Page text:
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Shelve6 cpan:ROBERTLE last updated on 2020-05-18

README.md
Shelve6
-------

... A artifact repository for the raku language and friends

The goal is to build a artifact repository service that raku modules, but also
other stuff, can be pushed to and pulled via the usual means (i.e. pushed from
CI or manual workflows, pulled via zef). This would be useful for an organisation 
doing raku development, does not want all their code publicly available, 
yet want to use a regular module-centric, tarball/release-based development flow.

Essentially this is a "content storage" service as described in [S22][1]

## Features

- Upload Raku modules
- Fetch with zef
- Authentication
- Multiple configurable logical repos

## Upcoming and ToDo

- cucumis sextus tests
* adress already in use error handling/reporting
- UI to browse and manage
- API to manage and automate
- Local cache/proxy for other repositories, like CPAN. Could be just a cache,
  or a fetch-ahead full copy. Perhaps both, configurably.
- Rarification/expiry of artifacts in configured repositories
- Web hooks for automation
- Verification and other plugins
- Shared file store, multiple shelve6 instances. Or a database as a store.
- More auth types
- Full-blown monitoring, resilience etc 
- More metadata, like when uploaded and by whom. "on-behalf" in upload script 
  so that a CI or automation job can say on whose command they uploaded

Also grep for the `XXX` fixmes in the code!

## Usage

Shelve6 comes as a web service that you can just start e.g. directly from
the checked-out source repository via `RAKUDOLIB=lib bin/shelve6`, or if it is 
properly installed just via `shelve6`. It reads a config.yaml file, a simple
sample is included, and might look like this:
```
    server:
        port: 8080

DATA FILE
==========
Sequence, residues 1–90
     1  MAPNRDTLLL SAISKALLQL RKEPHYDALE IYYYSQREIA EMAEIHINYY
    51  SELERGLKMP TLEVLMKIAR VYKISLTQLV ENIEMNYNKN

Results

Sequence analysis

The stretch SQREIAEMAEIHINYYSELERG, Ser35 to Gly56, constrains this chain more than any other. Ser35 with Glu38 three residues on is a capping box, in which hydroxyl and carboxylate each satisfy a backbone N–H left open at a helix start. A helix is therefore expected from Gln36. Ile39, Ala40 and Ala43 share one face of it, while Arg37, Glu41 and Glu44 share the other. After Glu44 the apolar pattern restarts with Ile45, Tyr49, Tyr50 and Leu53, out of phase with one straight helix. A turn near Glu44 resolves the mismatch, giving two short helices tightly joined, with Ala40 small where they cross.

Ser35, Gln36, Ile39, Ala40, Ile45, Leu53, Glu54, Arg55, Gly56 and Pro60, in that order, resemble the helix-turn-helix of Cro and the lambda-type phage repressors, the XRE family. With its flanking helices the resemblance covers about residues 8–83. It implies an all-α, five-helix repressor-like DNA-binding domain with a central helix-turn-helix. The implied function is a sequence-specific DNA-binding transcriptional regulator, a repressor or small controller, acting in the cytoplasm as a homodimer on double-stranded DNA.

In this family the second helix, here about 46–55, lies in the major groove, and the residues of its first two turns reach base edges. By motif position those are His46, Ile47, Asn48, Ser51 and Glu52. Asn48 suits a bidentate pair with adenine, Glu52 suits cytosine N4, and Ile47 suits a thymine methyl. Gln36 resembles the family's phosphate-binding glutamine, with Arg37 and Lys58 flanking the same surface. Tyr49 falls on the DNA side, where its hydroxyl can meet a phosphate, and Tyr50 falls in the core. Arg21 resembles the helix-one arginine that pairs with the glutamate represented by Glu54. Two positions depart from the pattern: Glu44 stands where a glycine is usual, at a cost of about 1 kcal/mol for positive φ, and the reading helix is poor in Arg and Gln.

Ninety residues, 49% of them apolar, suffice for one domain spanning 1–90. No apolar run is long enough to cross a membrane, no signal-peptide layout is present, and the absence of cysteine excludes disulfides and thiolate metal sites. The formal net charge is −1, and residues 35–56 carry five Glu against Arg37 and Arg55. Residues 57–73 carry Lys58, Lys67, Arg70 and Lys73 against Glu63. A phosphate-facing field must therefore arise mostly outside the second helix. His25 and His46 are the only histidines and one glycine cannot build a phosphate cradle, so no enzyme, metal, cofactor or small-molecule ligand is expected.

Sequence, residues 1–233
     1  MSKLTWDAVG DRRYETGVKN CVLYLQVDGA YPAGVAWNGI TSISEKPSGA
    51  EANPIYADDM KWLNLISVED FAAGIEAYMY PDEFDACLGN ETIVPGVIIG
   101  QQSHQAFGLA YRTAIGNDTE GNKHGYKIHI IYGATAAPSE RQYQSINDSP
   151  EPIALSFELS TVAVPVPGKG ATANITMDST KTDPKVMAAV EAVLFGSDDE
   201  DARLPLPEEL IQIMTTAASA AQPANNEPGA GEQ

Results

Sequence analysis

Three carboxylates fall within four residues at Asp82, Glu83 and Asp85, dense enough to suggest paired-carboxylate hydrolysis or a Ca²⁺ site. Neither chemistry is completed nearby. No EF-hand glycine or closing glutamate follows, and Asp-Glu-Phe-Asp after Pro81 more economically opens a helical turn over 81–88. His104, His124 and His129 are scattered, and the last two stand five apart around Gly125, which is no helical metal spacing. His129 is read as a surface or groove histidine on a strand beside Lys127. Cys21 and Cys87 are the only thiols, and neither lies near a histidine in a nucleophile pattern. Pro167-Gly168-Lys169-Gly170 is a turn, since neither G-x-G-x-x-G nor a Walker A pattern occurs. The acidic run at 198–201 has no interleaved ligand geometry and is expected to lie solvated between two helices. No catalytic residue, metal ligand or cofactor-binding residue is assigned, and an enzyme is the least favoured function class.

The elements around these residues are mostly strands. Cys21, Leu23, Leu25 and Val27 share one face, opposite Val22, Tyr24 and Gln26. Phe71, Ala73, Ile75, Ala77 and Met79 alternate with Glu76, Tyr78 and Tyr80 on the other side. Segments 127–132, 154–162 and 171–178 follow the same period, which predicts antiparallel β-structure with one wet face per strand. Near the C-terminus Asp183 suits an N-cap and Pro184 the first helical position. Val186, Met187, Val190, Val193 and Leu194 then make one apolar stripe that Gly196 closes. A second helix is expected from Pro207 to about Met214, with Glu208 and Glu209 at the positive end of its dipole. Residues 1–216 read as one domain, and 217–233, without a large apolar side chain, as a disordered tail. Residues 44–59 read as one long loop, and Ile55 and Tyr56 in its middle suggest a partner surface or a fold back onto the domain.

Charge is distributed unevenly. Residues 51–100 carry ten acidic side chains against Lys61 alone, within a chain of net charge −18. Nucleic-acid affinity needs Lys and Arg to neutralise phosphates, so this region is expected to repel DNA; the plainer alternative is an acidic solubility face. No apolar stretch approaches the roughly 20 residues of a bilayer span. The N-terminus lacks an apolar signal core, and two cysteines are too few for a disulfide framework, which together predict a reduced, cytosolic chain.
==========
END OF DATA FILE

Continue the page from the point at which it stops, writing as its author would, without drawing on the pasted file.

base-url: "http://localhost:8080"
    store:
        basedir: store
    repositories:
        - name: p6repo
```
* `base-url` is where you want the service to be found externally
* `port` is of course the port the service listens on, note that  it currently
  only binds to the first localhost interface, let me know if that gives you grief.
* `basedir` is a directory where shleve6 will store the artifacts
* and the repositories is a list of logical artifact repositories in which you
  can store modules

With the service running, you can use the supplied shelve6-upload script to put
artifacts into shelve6:
```
    bin/shelve6-upload raku-foo-bar-0.1.tar.gz http://localhost:8080/repos/p6repo

```
This script is just a thin wrapper around curl, you just need a multipart form
post really.

In order to fetch artifacts, you need to configure your zef to recognise the
repository. In my case I have a `~/.config/zef/config.json`, where in the
`Repository` section I added:
```
    {
        "short-name" : "shelve6",
        "enabled" : 1,
        "module" : "Zef::Repository::Ecosystems",
        "options" : {
            "name" : "shelve6",
            "auto-update" : 1,
            "mirrors" : [
                "http://localhost:8080/repos/p6repo/packages.json"
            ]